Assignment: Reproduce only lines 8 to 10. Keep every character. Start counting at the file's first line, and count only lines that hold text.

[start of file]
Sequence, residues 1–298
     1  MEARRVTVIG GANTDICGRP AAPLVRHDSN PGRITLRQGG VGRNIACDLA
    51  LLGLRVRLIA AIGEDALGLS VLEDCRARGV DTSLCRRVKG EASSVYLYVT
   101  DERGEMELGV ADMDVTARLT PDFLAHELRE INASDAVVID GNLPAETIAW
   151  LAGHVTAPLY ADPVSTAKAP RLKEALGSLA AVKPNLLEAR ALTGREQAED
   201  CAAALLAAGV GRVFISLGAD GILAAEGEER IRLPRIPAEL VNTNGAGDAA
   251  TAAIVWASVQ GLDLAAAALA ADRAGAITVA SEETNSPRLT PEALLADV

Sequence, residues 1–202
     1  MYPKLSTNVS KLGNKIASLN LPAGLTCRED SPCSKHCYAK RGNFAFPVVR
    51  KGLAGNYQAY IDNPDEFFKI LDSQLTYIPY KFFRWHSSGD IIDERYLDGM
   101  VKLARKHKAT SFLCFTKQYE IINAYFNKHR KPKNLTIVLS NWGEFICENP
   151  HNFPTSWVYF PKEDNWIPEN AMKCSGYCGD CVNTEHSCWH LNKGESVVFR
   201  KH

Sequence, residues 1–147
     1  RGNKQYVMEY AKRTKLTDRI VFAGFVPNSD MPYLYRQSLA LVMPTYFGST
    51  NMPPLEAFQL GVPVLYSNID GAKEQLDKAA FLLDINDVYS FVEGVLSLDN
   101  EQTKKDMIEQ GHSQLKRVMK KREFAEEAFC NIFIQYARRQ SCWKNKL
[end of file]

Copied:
Sequence, residues 1–202
     1  MYPKLSTNVS KLGNKIASLN LPAGLTCRED SPCSKHCYAK RGNFAFPVVR
    51  KGLAGNYQAY IDNPDEFFKI LDSQLTYIPY KFFRWHSSGD IIDERYLDGM